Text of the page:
“Going Green” on a farm isn’t limited to John Deere tractors. Let’s think about sustainability.
Son #2: Mom, what are you writing? Oh. That looks sooooo boring.
Me: Uh…thanks kiddo…
Before I get “boring,” here’s how my little farm boys like to go green:
We could say that sustainability encompasses how humans live, how industry and agriculture function, and how ecosystems are affected by this activity. I realize this is a vast oversimplification, but the main idea is that we replenish any resources that we use, and that we do not cause damage to planet Earth. This challenge is amplified by a rapidly increasing world population.
“Sustainability” has become a buzzword; it’s important that we understand it properly.
“Going Green” can address concepts like using resources responsibly, recycling, reducing the carbon footprint, minimizing pollution and waste, eating locally grown foods, and consuming natural and organic products. It includes so much more than this, but I think you get the idea.
All of these are good theories, but we need to dig deeper. When we take the practical pieces of these theories, there are so many positives that benefit everyone. I wholeheartedly agree that we all need to be responsible and use common sense when we consider our culture of consumerism.
Conversely, going to extremes often doesn’t paint a truthful picture and can create another set of problems. It’s important that when something is labeled as “unsustainable,” that we can know enough about the topic to analyze whether that label is truly accurate.
If someone says that modern Midwestern grain production is “unsustainable,” that’s a big deal in my world. It’s also a big deal for you, whether or not you are involved in farming.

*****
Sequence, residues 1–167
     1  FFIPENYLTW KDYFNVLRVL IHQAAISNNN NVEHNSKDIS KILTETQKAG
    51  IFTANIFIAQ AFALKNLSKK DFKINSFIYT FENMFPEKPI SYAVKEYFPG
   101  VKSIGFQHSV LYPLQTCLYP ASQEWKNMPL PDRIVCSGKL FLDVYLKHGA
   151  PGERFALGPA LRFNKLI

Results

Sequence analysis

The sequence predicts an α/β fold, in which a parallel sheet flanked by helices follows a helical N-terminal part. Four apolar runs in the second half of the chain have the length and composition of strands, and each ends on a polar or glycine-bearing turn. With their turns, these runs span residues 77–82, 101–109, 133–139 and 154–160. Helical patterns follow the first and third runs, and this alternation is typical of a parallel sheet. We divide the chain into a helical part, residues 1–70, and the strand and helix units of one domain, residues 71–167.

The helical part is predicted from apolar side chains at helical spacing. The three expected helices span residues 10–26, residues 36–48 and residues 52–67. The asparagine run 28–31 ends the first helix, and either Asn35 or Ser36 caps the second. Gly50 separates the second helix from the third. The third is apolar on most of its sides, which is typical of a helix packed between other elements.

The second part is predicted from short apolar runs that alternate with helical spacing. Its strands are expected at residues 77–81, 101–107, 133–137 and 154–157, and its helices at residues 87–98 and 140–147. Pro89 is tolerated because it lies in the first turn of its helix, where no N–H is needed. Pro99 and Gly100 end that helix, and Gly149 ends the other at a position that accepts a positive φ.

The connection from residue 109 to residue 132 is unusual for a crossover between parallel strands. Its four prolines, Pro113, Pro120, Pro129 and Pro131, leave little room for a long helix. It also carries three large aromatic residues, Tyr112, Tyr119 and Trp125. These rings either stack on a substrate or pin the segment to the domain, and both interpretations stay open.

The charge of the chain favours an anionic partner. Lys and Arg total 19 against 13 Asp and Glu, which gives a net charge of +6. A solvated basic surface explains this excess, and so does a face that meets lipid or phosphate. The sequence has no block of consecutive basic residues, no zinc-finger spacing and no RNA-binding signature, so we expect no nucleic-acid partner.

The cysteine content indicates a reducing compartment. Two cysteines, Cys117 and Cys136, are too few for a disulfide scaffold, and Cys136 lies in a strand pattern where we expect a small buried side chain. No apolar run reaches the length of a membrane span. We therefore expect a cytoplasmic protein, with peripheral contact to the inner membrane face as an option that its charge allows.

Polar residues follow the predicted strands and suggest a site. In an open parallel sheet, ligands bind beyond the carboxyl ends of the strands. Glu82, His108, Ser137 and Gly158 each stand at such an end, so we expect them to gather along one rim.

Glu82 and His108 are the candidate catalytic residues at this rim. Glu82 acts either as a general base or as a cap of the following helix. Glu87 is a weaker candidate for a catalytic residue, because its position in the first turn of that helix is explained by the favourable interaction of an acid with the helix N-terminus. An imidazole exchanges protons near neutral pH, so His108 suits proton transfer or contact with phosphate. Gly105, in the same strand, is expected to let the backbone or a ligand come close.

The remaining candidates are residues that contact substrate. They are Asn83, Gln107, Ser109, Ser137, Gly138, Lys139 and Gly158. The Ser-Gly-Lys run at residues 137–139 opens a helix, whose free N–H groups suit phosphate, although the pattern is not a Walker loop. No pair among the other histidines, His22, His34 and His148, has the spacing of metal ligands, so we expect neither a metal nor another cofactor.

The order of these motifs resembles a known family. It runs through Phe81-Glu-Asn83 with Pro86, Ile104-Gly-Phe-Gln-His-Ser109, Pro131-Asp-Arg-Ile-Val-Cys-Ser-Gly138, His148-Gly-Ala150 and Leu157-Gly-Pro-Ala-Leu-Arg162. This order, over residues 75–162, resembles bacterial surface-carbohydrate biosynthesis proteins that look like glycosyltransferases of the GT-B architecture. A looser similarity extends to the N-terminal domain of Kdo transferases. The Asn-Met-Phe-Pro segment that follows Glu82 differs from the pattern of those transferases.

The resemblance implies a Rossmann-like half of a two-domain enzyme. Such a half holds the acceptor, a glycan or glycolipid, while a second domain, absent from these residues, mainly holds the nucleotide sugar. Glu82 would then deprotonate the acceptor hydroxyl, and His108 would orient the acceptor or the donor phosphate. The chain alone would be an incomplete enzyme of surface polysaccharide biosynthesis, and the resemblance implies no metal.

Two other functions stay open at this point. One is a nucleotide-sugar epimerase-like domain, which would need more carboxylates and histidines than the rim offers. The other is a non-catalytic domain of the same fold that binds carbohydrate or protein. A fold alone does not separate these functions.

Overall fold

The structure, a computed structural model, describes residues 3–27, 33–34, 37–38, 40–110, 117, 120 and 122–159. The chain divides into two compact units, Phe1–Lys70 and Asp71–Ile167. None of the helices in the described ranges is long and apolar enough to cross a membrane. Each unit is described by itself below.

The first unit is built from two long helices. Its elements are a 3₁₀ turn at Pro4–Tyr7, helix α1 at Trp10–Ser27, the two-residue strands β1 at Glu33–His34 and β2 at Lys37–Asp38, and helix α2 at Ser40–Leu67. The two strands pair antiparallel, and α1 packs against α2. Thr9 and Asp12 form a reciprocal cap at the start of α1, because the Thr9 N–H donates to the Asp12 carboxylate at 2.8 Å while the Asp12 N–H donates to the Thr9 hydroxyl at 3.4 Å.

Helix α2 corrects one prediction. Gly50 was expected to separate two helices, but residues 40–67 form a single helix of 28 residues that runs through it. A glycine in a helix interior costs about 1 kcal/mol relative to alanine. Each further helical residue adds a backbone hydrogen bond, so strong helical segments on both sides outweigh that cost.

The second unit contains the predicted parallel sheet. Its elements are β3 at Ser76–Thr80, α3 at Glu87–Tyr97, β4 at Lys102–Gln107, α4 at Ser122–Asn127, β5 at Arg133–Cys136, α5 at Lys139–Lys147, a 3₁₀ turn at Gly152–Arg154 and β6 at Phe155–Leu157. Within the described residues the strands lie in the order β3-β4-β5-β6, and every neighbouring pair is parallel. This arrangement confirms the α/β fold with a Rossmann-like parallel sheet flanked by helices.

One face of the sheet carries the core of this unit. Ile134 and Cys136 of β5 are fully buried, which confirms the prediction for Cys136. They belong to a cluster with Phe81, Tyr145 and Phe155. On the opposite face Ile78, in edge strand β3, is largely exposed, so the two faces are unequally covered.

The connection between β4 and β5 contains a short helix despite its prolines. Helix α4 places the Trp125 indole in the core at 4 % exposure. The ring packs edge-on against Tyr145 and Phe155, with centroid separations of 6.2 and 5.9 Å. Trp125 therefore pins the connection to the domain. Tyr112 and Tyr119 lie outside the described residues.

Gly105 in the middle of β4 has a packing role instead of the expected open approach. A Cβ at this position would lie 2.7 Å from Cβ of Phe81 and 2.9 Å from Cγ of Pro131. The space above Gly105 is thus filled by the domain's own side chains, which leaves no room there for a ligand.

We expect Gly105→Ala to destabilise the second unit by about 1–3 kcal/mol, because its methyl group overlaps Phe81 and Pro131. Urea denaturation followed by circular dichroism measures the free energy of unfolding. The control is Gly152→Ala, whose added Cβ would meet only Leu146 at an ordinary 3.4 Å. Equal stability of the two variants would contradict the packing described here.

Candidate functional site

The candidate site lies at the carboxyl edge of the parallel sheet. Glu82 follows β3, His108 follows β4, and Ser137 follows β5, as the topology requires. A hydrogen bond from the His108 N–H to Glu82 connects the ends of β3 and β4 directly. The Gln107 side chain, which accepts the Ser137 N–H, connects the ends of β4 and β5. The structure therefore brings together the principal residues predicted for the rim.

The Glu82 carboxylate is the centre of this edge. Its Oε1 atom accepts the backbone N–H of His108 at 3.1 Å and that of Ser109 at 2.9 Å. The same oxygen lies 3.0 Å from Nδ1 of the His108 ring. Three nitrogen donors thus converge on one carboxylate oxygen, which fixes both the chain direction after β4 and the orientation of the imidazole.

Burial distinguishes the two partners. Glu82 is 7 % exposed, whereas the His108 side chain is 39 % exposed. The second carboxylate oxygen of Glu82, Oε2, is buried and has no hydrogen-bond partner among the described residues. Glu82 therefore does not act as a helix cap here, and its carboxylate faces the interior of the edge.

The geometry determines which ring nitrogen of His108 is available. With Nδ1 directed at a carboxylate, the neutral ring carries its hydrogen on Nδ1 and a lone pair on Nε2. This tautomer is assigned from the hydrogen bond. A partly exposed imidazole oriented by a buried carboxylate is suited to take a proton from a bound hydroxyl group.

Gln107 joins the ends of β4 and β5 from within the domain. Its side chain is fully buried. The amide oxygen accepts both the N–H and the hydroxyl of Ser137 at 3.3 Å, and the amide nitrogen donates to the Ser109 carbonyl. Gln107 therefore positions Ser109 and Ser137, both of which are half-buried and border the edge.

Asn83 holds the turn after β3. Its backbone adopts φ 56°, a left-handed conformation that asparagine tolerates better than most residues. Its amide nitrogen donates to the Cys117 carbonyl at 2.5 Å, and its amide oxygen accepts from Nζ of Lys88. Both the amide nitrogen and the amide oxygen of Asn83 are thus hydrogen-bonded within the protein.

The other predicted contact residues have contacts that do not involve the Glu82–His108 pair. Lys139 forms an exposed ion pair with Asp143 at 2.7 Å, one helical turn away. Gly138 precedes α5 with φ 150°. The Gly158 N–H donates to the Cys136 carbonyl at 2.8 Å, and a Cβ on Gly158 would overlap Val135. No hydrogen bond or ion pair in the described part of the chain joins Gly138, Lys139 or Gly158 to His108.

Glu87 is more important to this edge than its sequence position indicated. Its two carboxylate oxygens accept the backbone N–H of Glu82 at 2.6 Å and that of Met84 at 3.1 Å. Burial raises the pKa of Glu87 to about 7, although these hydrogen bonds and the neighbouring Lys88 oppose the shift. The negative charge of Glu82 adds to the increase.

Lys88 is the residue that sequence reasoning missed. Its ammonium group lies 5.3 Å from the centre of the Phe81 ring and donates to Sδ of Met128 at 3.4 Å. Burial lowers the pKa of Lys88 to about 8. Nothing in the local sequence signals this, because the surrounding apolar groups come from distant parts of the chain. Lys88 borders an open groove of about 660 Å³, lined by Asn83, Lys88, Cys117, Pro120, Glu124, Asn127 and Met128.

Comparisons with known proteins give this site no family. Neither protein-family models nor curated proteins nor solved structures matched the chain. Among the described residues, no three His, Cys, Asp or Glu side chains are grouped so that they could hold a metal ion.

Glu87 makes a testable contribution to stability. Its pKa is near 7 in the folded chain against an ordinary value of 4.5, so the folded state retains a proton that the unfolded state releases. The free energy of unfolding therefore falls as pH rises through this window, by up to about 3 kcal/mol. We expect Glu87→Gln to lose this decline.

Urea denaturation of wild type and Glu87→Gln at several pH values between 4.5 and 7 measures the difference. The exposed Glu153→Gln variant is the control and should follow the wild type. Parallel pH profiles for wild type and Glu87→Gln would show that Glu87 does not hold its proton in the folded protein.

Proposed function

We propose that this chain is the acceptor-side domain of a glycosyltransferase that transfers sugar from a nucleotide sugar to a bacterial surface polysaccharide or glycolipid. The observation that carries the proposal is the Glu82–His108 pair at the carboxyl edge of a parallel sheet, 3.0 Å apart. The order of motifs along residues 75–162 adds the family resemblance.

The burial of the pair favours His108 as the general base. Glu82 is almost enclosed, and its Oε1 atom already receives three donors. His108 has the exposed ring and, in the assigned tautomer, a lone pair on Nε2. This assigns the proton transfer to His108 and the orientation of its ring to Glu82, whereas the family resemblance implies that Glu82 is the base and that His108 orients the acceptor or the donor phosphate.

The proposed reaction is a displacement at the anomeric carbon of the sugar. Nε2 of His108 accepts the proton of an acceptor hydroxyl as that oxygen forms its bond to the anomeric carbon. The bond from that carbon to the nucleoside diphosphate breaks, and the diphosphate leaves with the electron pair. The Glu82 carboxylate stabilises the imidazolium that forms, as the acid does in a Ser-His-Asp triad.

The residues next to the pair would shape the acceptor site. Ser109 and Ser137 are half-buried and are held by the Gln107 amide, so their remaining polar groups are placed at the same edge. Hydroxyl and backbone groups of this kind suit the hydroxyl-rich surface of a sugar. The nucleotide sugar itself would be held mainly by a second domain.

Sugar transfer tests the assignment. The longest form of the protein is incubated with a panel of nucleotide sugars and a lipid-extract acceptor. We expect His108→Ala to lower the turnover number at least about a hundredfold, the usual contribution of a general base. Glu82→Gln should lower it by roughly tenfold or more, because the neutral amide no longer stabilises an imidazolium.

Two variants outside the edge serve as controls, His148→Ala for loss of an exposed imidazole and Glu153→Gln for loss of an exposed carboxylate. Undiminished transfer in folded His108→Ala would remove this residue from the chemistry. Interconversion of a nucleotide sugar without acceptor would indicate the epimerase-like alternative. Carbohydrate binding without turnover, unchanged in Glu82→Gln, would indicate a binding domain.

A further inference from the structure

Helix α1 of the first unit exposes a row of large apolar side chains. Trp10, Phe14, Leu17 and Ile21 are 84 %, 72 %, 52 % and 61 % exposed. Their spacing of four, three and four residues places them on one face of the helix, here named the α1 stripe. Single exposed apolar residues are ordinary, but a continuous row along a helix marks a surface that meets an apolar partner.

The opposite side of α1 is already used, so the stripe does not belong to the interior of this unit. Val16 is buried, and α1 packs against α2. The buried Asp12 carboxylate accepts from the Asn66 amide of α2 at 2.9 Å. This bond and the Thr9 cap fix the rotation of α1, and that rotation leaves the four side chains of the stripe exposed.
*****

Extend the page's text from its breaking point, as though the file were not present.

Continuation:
Information influences choices – and having the wrong information can cause us to make decisions that unintentionally hurt real people working on real farms or real businesses that have been unfairly stereotyped.
Commercials from Chipotle, editorials in the New York Times, documentaries like Food Inc., and a bazillion books and websites can give us plenty of food for thought on sustainability. Sometimes they’ll tell you that today’s farmers are destroying the land. I take issue with such accusations, because my farm qualifies as sustainable on many levels, as do most farms in my region. We replenish soil nutrients. We conserve water. It doesn’t stop there. I’ll admit we have not achieved perfection in our sustainability practices, but we are constantly thinking of how we can make progress in this area in the short and long term.
We live and raise children where we farm. We do everything we can to take care of the resources available so that they may have the same opportunity. We have abundant incentives to care for the environment.
I feel that all of this should propel us to do a little investigating on our own. If “Going Green” is important to you, I hope that you consider all sources of information in that journey. Discussions on sustainability are incomplete if we fail to acknowledge the good things happening in modern sustainable agriculture.